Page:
Another component of unethical advertising is prejudice, stereotyping, and discrimination. Moral principles and values forbid any form of discrimination based on gender, ethnicity, racial, and cultural orientation. There have been instances in where advertisements violated this moral principle. Dove Drop's advertisement faced criticism for posting an advert that was racially insensitive stereotyping black people as dirty. According to the advert, a black woman suddenly turned to a white woman after using Dove soap. The advert depicted the black woman as dirty and the 'magical' Dove soap washes the black woman to 'whiteness.' The Dove Drops soap advert caused uproar and was seen to resonate with the adverts during the era of racial segregation, which featured a white boy telling a black boy to use fairly soap to clean the dirt all over him. The public outcry forced the company to pull down the advert and make an apology. Previously in 2011, the Dove Drops company has also been brought to scrutiny for airing a discriminatory racial advert that was used 'before' and 'after' pictures whereby the 'before' picture showed an African-American woman with cracked skin and the 'after' picture shows a white woman with a smooth body (Blackwelder et al., 2016, p.9). The ad placed the words 'visibly more beautiful skin' under the picture of the white lady. The advert insinuated that white was beautiful and black was ugly. Therefore, the adverts contravened moral values and principles that prohibit all forms of discrimination.
Utilitarian and Deontology Ethical Theories
There are ethical theories and perspectives that have different proposals on moral values and defining what can be perceived as right or wrong. Utilitarianism ethical value promotes actions that maximize the happiness and wellbeing of the majority of people in a population. The rightfulness of an action is judged by the proportion the action to create happiness, while an action that promotes the reverse is judged as wrong. The moral values in this theory are inclined to creating the greatest good for the greatest proportion of the population (Barrow, 2015, p. 9). In consideration of Utilitarianism ethical theory, the actions of Volkswagen in developing a misleading advert can be adjudged to be ethically wrong. The car buyers were duped by claiming that the company was selling them fuel-efficient and environmentally friendly cars. The car owners were must have felt unhappy on realizing that they cars they bought were not in the condition the advert had claimed. Volkswagen owners received the damning revelations with shock and frustration with some demanding compensation. The action also increased despondency to the car owners because they were now forced to pay higher taxes for vehicles because the cars were found to emit greenhouse gases about the stipulated (Barrow, 2015, p. 9). Also, cheating about the gas emissions exposed the general public to inhale toxic gases and therefore causing harm to people. Furthermore, the car award organizers must have felt fooled by believing that the Volkswagen car was eco-friendly. By all Utilitarian ethical value evaluations, Volkswagen's actions were wrong.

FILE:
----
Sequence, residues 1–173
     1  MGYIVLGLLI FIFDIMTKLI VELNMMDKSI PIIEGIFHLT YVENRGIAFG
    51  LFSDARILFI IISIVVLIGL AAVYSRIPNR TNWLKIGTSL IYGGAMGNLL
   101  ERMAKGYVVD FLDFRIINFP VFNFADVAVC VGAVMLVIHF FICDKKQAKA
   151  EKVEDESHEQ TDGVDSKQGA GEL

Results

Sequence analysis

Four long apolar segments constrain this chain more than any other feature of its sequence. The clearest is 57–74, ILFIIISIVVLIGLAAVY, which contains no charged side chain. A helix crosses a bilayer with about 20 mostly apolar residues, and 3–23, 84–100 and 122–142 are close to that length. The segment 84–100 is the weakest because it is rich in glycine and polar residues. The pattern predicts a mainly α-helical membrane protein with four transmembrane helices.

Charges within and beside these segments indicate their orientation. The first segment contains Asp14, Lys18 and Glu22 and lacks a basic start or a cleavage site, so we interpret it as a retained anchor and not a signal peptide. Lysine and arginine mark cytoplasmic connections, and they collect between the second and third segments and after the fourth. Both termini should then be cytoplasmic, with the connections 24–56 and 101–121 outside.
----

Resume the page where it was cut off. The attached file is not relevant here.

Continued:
Also, the actions of Dove Drops Company to put adverts that are racially discriminating against black people cannot be justified. Racial discrimination doe no greater good to anyone, and therefore the actions are adjudged to be morally wrong. According to reports, the advert caused anger and uproar and therefore, the action brought more unhappiness among the people and therefore, the Utilitarian ethical value makes the Dove and Drops Company was wrong in their action to send information in the form of an advert that hurt the feelings of people (Barrow, 2015, p. 11).
Another ethical theory in moral philosophy is the deontology ethical theory. In this theory, the morality of an action is based on whether the action itself is right or wrong based on a series of rules (Barrow, 2015, p. 12). The emphasis is on the action itself and not the consequences of the action. Universal moral laws require that people should be honest in their actions and should not cheat or tell a lie (Barrow, 2015, p. 12). Volkswagen was not honest in their dealings and they cheated deliberately. For instance, the firm was lying to people that they were selling environmentally friendly cars knowing well that the vehicles had high gas emissions and only used a software trick to lie that the cars had less greenhouse gas radiations. Therefore, according to the ethical morals in deontology theory, Volkswagen was wrong in their actions. Also, universal moral rules prohibit racial discrimination. The action of Doves and Drops was discriminatory and violated the set of universal rules and therefore, the advertisement by the company was wrong and unethical.
Globalization Challenge in Advertising
Globalization has introduced new challenges in the advertising industry that ere not there in the past. The emergence of digital technology has come with an unprecedented capacity for businesses to go international and expand the business beyond the countries of origin. Effective advertising can create awareness of a product overseas and contribute to the expansion of a business. However, advertising for a global market comes with ethical dilemmas that most likely do not appear when dealing in a single country. The cultural differences that occur between societies make it hard to develop an advert that can be suitable for all the audience. Humor is used in advertising, especially in the print press, like newspapers and magazines to grab the attention of the reader (Ford, Mueller, Taylor, and Hollis, 2011, p.51). However, such a method becomes problematic to use in promotion in a global market because it is considered humorous in one part of the world or maybe perceived as inappropriate or insulting in another part of the world. Also, there are challenges in methods of communication and the approach of forming business relationships. For example, an American may be in a hurry to strike a business deal while the Japanese may be interested in building relationships before engaging in a serious business deal.
Advertising Industry Regulation and Legislation
As a way of protecting the consumers in Europe, the EU has rules that make unethical advertising an offens...